The philanthropic interests of the companies and the people behind them are further detailed in an Excel spreadsheet, accompanying the full report, which contains a breakdown of all identified philanthropic interests which can be filtered to focus on specific companies, Chairmen or directors.

The report also shines a light on how the FTSE100 Chairmen interconnect through professional and philanthropic involvements, educational institutions and club memberships. The report shows that 70% of the FTSE100 Chairmen connect directly to at least two other Chairmen, highlighting that there is significant potential for networking and relationship building within this group.

We present this network information in the form of an interactive, online Factary Atom map, access to which is included with the report.

If you are about to launch a major campaign, or just want to see who your key volunteers may know and what their interests are, then this latest report from Factary will be an invaluable resource for major donor and corporate fundraisers or prospect researchers – providing you with detailed and up-to-date information on some of the most high profile and well-connected philanthropists in the UK.

The report is £495, for which you receive:

  • The full 325-page report containing:
    • Full profiles of the 94 current FTSE100 Chairmen (as of January 2017)
    • Brief profiles of companies (including CSR and major gifts)
    • Factary analysis, observations and conclusions
  • Excel spreadsheet to filter for relevant philanthropic interests by Chairman, director or FTSE100 company
  • Online network map to identify how the Chairmen are connected through professional or philanthropic interests, education institutions, club memberships and leisure interests

If you are interested in ordering a copy or would like more information, please email research@factary.com or call 0117 916 6740.

ICO rulings and Database Screenings

The ICO fines for BHF and RSPCA that were announced this week have caused understandable concern for prospect researchers and wider fundraising teams across the sector. This blog post is Factary’s initial response to this news.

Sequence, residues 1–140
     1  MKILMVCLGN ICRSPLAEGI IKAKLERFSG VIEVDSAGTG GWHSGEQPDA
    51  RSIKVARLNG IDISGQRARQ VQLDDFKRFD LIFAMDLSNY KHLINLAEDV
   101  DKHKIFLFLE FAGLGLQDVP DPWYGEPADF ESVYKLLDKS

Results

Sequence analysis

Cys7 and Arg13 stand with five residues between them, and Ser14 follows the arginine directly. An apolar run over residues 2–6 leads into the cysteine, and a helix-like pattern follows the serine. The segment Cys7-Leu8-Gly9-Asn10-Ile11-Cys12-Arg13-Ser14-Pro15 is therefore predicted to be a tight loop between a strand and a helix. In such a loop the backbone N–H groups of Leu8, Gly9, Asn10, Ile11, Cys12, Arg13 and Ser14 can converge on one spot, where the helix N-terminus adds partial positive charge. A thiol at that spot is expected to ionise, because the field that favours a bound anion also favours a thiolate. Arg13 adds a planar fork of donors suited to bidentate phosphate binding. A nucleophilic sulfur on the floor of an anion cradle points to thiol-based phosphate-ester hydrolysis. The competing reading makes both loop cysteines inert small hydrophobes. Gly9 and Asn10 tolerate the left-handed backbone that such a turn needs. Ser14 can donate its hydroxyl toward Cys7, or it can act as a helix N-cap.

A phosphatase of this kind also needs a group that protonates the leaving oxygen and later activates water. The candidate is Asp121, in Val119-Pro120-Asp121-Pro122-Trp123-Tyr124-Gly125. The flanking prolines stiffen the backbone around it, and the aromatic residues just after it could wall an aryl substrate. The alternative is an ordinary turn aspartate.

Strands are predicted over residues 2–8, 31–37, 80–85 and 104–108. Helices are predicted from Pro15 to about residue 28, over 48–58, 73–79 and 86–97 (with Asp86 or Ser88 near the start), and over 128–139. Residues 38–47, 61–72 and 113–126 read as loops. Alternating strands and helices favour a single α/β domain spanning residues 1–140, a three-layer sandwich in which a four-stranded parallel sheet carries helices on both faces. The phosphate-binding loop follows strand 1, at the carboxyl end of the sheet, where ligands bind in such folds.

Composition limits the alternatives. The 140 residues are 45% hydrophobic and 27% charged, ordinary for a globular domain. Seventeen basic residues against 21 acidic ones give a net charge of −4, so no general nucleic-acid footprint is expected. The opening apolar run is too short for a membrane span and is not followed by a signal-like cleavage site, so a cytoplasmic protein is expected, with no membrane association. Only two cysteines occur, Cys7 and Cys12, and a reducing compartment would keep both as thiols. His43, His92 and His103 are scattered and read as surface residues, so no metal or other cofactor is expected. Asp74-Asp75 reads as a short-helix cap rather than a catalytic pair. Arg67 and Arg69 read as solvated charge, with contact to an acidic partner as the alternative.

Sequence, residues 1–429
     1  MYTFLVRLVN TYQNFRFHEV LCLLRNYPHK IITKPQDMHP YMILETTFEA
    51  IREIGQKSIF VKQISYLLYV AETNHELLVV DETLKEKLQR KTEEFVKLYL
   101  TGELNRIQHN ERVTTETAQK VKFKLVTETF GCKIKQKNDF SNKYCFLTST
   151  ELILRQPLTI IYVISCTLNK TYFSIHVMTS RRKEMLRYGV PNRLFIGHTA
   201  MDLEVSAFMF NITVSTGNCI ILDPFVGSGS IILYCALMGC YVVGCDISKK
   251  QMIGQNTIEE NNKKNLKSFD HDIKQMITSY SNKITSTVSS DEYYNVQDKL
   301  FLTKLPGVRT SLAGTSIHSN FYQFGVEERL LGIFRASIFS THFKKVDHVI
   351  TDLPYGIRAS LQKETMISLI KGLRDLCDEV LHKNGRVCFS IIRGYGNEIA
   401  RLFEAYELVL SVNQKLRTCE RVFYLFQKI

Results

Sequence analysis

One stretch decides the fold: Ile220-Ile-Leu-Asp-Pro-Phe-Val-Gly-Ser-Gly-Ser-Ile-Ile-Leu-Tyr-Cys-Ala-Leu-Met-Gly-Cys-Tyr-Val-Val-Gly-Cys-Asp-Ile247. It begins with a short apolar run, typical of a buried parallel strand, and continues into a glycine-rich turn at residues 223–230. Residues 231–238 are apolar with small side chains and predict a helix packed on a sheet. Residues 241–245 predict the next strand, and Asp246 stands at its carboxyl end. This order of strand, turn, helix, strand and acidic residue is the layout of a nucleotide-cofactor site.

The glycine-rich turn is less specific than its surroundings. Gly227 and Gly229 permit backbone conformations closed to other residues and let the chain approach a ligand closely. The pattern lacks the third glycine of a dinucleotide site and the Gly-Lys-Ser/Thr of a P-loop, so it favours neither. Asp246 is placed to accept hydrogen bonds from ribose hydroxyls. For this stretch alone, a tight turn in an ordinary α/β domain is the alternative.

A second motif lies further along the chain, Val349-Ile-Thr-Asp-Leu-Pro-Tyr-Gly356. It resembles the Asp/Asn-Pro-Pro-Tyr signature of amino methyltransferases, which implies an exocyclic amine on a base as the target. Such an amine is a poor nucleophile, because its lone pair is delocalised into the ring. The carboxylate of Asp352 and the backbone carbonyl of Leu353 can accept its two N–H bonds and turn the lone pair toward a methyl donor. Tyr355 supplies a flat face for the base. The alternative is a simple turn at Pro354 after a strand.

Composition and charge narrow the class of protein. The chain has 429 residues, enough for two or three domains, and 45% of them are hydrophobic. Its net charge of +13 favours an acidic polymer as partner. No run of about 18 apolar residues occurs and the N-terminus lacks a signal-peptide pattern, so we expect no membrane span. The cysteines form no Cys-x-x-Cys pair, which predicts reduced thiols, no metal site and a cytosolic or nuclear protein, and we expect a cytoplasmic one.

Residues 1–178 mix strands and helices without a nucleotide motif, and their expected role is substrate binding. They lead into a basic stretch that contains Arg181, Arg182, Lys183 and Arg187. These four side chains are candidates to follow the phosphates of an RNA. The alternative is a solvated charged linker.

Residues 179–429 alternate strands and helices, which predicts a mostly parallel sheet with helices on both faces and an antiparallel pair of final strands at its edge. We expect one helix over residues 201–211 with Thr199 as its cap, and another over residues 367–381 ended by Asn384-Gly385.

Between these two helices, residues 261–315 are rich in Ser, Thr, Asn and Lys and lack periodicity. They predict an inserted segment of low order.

The ICO has so far issued two statements about the fines levied (these can be seen here and here). The statements outline that the fines are being issued for various infringements of the Data Protection Act through wealth screening, data appending and data sharing. To be clear, this blog post refers only to the situation with wealth screening, or, as we call it, Database Screening. Data appending and data sharing of bulk data are not services we provide at Factary so we won’t comment on the situation with these fines.

The first thing to mention is that we are expecting more comprehensive information about these fines to be issued on Friday 9th December by the ICO. The full penalty notices will be published on the ICO website and Twitter feed along with details of the enforcement action. Until we have reviewed the full documents it will be difficult to respond properly to this situation. That said, since the Daily Mail broke the story (ahead of the ICO announcement) of the fines on Tuesday 6th, we have received many emails from concerned clients, colleagues and friends worrying about the implication of these fines for non-profits and prospect research, so we wanted to issue a response as soon as possible to answer some of the most pressing questions, some of which are…

Can we still carry out Database Screenings?